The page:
Editor’s note: Sports Uncovered, the newest podcast from NBC Sports, shines a fresh light on some of the most unforgettable moments in sports. The fifth episode tells the story of "The Mysterious Disappearance that Changed a Super Bowl," chronicling Barret Robbins' absence from Super Bowl XXXVII.
Raiders defensive back Calvin Branch ran into teammate Barret Robbins at a San Diego bar for the second night in a row. That in itself wasn’t particularly odd.
The practice week heading into Super Bowl XXXVII was over, leaving more free time for players to enjoy the festive atmosphere leading up to the biggest game of their lives. It wasn’t particularly late on that Saturday, well before curfew, so neither guy was in the wrong just for being in a massive watering hole in San Diego’s Pacific Beach neighborhood.
But one indicator told Branch that something was off.
“I don’t know where he was coming from,” Branch said on the latest episode of the Sports Uncovered Podcast: "The Mysterious Disappearance that Changed a Super Bowl."
“But he had the same stuff on that he [wore] the night before.”
[SPORTS UNCOVERED: Listen to the latest episode]
That was a sign that Robbins hadn’t been home in a while. Branch recognized the oddity but didn’t dwell on it. Robbins had a reputation as a partier, so little was a surprise with the team’s Pro Bowl center in that regard.
Branch met up with some college teammates, had a few drinks and then headed outside to hail a cab back to the Raiders' team hotel. Branch then approached a taxi he thought was free, only to find out it was already occupied.
“I look in there, and it’s Barret,” Branch said. “I get in the cab and all of a sudden I hear Barret, like he’s trying to hold back tears. And I look over and he’s got tears running down his face.”
This previously unknown part of Robbins’ disappearance just before his Raiders played the Tampa Bay Buccaneers in Super Bowl XXXVIII -- and what happened just after -- is explained in great detail in the latest episode of NBC’s Sports Uncovered Podcast series. The episode debuted Thursday morning and explains what led Robbins to miss the biggest game of his life.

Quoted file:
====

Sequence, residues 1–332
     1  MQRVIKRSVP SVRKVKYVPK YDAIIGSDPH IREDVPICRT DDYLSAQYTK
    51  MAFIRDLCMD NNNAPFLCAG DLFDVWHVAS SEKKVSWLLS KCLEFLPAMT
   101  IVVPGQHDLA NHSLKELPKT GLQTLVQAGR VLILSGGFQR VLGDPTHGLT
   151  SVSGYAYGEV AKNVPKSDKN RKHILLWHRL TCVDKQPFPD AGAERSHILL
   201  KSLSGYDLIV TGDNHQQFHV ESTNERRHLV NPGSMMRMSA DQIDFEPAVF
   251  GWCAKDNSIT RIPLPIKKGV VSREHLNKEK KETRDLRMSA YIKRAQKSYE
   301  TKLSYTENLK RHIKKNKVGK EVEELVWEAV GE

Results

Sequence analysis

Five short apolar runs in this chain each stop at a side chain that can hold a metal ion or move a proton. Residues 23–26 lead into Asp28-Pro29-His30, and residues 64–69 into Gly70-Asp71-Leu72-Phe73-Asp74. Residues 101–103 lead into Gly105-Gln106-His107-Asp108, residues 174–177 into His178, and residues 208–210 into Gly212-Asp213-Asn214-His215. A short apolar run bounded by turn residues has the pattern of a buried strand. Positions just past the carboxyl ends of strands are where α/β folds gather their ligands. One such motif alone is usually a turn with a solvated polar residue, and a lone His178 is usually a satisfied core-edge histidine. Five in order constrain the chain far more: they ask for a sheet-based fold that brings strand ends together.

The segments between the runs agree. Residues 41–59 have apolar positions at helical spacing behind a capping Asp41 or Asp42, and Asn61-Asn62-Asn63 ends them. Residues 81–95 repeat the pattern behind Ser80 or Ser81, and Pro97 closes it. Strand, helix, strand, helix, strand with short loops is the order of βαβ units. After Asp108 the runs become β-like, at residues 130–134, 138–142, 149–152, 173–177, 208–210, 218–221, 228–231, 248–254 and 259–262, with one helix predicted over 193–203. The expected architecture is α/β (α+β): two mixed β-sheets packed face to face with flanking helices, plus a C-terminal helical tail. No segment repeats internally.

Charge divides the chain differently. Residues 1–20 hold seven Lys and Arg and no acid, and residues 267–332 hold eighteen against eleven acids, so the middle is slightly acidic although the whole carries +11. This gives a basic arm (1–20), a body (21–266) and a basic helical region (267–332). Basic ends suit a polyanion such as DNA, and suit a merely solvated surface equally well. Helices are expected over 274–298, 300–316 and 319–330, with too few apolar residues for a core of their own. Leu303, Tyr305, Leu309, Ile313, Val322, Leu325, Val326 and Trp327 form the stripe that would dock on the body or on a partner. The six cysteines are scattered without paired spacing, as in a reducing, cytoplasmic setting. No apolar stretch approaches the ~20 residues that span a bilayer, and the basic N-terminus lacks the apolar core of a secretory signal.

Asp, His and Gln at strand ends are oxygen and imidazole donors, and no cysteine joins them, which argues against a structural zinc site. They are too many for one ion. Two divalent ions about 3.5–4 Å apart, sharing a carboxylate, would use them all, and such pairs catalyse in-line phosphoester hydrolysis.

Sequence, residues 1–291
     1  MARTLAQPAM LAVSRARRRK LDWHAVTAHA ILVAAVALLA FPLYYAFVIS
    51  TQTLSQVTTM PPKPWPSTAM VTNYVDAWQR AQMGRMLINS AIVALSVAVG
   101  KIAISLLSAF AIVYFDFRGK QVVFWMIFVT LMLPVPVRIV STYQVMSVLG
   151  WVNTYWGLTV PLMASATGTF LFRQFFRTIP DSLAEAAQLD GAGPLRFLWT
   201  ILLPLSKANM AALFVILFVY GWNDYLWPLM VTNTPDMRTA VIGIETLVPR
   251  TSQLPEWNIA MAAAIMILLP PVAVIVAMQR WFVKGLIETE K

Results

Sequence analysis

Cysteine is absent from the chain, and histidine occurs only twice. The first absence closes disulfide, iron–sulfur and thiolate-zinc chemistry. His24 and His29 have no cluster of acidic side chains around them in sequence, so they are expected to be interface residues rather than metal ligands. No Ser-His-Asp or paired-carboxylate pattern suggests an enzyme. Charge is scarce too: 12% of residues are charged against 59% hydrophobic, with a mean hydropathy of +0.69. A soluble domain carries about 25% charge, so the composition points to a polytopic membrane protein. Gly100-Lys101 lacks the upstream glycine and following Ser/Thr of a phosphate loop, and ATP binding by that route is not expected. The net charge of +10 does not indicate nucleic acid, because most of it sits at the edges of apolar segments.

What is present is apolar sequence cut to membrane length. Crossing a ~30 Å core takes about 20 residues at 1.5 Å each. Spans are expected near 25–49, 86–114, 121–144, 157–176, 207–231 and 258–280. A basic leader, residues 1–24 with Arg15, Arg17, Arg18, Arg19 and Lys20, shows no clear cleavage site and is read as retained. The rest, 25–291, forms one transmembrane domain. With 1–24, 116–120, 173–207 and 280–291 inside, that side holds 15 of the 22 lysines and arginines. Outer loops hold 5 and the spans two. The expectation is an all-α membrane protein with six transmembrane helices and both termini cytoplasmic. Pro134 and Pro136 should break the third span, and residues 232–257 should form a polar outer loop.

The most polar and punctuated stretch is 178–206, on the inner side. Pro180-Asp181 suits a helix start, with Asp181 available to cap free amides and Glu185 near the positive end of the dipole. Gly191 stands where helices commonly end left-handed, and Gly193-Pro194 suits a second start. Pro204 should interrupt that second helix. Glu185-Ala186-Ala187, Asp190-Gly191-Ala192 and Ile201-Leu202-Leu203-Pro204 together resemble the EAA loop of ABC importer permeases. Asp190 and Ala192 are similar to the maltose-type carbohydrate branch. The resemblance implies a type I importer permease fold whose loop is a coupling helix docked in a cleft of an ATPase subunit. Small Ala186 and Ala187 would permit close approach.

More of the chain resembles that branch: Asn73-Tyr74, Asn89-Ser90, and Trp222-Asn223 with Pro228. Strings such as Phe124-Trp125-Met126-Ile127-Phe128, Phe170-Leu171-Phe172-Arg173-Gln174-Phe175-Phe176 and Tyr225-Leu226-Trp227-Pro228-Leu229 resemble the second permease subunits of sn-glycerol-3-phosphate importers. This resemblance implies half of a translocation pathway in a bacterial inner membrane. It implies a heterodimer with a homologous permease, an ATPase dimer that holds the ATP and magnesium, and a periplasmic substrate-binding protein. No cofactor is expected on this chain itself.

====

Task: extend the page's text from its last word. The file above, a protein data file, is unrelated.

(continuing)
He didn’t just get drunk and make a dumb mistake. There’s far more to it than that. Robbins was later diagnosed with bipolar disorder, a mental health issue that troubled him throughout his life. We explore where he could have been helped, and why he shouldn’t be blamed for the Raiders losing the Super Bowl.
He wasn’t, however, allowed to play in the championship game despite Branch’s best efforts to help him do so.
Robbins recalled that cab ride home during an archived interview with NBC Sports Bay Area’s Greg Papa, considering it the point when the reality of his misdeeds hit home. Robbins partied all day Friday and into the night, leaving San Diego for a debaucherous outing in Tijuana that extended through Saturday until he saw Branch in Pacific Beach.
It was in that cab with Branch where Robbins finally broke down.
"I was crying,” Robbins said. “I was in bad shape, man. I was so sad at that point. I knew it was going to end up leading me to not be able to play in the Super Bowl and, you know, live my dream.”
Branch wanted to make one last attempt to get Robbins back in the team hotel and in the lineup. He knew he couldn’t take Robbins through the lobby of a hotel loaded with team officials after he was missing in action, so he tried another way.
If he could just get Robbins to the room undetected, let him gain composure and get to the Saturday meeting, maybe the center could rebound and play.
“We drive around to the back, and there was another entrance,” Branch said. “I’m thinking, ‘Okay, as long as nobody gets on the elevator, he can get to his room and collect himself. Just get him in the elevator.' ”
Branch did exactly that, but the plan was foiled by an unexpected pick-up.
“The elevator stops, and our linebackers coach gets on, Fred Pagac,” Branch said. “I’m trying to stand between him and Barret, so he’s not really seeing what kind of emotional state he’s in, and then my floor comes up. So, I get off, and I’m not sure what happened there.”
Whatever happened the rest of that elevator ride is ultimately inconsequential. The decision already had been made that Robbins would not play in the Super Bowl.
Head coach Bill Callahan had made that decision. The team had Robbins examined by team doctors, who said he couldn’t play.
Then-Raiders general manager Bruce Allen explained what happened next.
“He was in a difficult condition in that he was cheery,” Allen said. “Most worrying of all was that he had wondered if we had won the game. … [Then] he had told me he was excited that we had won the game and he asked to catch a plane for the Pro Bowl.”
After further examination, Raiders doctors recommended Robbins go to the hospital. In hindsight, Robbins knows it was the right call.
“The next morning, I woke up and stretched and walked with (Raiders ambassador) Willie Brown and saw the doctors and everything," Robbins said. "And if they would’ve told me I could have played, I don’t know that I could have at that point. To be honest with you, I was sick.”
Robbins was diagnosed with bipolar disorder shortly after, when he was sent to the Betty Ford Clinic in Riverside.
“It was great -- well, not great -- but what felt good for me is it explains some of these incidents that I have had," Robbins said. "And it put a label, it put a tag on that, because it was unexplained for me.”